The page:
Federal Government Human Rights Commissioner Markus Löning believes a boycott of the Sochi 2014 Winter Olympics would not be the right response to Russia’s homophobic policy. However, he thinks that “sending clear messages” to President Putin is important. Broadcast on Deutschlandradio Kultur on 12 August 2013.
We’re in the midst of one major sporting event in Russia and there’s already talk of whether or not to boycott the next one. The IAAF World Championships are currently taking place in Moscow and in six months’ time the 2014 Winter Olympics will be held in Sochi. Russia is to play host to visitors from around the world in Sochi, but how can a country that prosecutes homosexuals, that prohibits by law public displays of homosexuality play host to an international event.
The CDU politician Jens Spahn finds this grotesque, Federal Justice Minister Sabine Leutheusser-Schnarrenberger regards the exclusion of homosexuals as a further step towards total dictatorship, and her FDP colleague Markus Löning, the Federal Government Commissioner for Human Rights Policy, calls it state persecution. We have him on the line now. Good morning, Mr Löning.
Total dictatorship, state persecution – doesn’t that force us to draw just one conclusion, namely that we have to boycott the Sochi Winter Olympics?
It first of all leads to the conclusion that sports federations have to think more carefully in future about how and to whom the hosting of such major events is awarded. More consideration has to be given as to whether any given venue provides the right environment for our athletes. Will our athletes ultimately be safe? But also: what kind of signal are we sending when the hosting of such a sporting event is awarded to a country with problems of this nature? I don’t think it’s right to discuss a boycott at this point in time. Rather, I believe it’s important to look at the situation in Russia. As for the homophobic law in force there now, it’s just one of many repressive laws. All in all, Russia is moving towards more repression, more authoritarianism, more dictatorship. The overall situation in Russia is bad, not just for homosexuals standing up for their rights.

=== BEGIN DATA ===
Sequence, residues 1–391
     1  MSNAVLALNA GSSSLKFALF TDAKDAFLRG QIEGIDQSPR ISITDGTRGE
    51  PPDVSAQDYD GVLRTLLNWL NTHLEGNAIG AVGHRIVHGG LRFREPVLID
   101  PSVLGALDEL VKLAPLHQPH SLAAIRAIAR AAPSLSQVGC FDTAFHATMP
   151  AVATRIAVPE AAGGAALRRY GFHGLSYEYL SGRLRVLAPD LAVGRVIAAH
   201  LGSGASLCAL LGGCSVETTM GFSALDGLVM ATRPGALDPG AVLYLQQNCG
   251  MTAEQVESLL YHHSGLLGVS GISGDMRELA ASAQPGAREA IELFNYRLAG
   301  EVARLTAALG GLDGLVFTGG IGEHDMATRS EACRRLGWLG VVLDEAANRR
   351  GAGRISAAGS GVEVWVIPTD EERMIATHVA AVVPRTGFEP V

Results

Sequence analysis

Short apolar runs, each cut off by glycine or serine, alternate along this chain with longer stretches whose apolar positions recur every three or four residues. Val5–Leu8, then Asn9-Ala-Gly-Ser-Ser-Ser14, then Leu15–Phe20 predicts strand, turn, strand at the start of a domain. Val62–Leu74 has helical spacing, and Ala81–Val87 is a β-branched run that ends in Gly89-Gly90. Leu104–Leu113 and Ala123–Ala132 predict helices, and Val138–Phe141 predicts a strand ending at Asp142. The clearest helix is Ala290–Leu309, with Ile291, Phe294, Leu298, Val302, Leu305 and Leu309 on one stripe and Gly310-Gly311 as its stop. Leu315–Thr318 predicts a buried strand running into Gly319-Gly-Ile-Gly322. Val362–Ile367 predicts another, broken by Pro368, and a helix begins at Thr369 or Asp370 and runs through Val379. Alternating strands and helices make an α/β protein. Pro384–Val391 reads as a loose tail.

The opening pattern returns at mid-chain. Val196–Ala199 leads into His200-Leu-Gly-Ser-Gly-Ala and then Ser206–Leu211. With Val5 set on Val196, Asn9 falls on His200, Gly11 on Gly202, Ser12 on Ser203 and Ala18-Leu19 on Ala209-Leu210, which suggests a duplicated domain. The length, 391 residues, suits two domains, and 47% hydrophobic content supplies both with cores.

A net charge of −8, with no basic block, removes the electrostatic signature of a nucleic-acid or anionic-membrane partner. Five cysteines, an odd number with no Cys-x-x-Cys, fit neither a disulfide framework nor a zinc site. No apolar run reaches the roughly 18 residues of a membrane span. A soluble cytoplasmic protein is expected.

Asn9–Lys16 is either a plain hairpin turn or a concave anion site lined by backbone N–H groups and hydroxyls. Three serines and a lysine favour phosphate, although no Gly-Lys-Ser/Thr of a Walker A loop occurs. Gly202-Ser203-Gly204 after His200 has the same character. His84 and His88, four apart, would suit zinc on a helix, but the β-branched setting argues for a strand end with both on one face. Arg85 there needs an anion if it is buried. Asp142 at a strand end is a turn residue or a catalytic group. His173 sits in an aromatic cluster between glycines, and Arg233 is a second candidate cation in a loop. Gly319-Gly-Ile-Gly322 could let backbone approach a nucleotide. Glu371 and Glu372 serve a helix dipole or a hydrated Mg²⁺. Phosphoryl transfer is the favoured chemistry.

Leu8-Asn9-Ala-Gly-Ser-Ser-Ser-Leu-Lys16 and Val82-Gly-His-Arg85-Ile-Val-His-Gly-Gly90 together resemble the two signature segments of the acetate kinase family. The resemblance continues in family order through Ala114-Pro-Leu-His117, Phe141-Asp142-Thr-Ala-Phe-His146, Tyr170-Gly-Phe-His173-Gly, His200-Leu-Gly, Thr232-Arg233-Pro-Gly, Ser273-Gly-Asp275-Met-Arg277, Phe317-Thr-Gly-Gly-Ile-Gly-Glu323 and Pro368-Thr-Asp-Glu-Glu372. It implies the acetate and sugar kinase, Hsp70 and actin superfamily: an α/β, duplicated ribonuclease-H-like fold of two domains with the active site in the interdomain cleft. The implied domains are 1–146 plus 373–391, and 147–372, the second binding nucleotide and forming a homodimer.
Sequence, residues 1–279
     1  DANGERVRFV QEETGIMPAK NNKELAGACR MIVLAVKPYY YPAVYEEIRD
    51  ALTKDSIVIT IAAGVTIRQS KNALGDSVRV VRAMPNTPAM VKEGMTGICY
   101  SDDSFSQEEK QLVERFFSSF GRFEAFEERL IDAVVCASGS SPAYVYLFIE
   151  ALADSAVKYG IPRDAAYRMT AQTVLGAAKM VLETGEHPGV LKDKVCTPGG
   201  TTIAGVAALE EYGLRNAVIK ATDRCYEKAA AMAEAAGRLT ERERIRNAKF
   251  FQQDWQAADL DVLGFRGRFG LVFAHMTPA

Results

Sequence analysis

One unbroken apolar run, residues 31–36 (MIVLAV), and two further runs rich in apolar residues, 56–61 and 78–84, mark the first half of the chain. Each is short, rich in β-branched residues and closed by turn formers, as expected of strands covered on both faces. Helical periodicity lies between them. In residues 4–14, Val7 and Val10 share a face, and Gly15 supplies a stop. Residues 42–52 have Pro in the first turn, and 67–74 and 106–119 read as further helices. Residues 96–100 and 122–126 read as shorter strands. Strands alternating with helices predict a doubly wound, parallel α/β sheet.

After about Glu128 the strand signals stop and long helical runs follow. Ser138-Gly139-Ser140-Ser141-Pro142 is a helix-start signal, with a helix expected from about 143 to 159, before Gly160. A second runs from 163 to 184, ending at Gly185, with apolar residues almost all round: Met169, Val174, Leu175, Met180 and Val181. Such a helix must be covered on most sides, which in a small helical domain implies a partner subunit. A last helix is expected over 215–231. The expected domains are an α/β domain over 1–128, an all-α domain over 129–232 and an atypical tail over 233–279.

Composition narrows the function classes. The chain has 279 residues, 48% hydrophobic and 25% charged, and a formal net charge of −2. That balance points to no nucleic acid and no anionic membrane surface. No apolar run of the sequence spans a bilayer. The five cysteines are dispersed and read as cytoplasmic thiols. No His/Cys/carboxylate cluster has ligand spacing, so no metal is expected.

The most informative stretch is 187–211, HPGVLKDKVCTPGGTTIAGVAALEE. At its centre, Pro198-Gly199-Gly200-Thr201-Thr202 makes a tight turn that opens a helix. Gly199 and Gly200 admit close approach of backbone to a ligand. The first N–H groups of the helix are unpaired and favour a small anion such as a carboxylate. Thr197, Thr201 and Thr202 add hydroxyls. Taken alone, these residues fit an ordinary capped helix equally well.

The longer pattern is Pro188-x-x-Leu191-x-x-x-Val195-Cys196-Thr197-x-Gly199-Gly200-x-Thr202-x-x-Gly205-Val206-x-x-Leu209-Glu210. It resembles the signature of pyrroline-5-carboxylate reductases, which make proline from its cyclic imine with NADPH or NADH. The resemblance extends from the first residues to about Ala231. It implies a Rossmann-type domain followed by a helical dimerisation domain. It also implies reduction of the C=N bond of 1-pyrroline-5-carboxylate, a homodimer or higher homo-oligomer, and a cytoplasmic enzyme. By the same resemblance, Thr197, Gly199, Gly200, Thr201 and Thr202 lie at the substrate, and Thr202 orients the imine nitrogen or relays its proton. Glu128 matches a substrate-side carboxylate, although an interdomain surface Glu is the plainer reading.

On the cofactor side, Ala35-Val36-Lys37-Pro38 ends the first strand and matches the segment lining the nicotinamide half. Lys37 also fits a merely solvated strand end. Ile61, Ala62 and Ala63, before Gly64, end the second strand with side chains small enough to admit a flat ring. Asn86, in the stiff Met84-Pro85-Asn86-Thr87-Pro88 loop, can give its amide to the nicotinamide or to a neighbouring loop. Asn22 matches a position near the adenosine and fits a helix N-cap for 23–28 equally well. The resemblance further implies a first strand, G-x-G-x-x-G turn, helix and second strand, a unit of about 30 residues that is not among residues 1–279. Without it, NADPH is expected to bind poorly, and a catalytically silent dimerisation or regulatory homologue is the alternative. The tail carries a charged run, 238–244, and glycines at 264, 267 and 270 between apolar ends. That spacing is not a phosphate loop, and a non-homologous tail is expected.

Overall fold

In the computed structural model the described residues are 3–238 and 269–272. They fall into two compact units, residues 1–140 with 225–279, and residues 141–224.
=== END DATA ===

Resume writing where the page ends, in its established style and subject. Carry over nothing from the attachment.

Herr Löning, but if we don’t boycott the Games what can we do to change the situation there?
In my view, we have to examine the situation. We have to ensure that Mr Putin can’t use the Olympics as a great PR show for himself. Instead, we have to look at the situation and find out what’s happening parallel to the competitions. What’s the social situation in the country, what are the realities of life in Russia? How are people who stand up for democratic rights treated? How are journalists who want to report on what’s actually happening in the country treated? The overall situation in Russia in this regard is bad. We’ve seen a marked rise in repression since Mr Putin was re-elected President. And I believe that’s what matters: we have to take a look at what’s going on, speak out loud and clear about any problems we see and prevent Mr Putin from turning the Olympics into a major PR show for himself.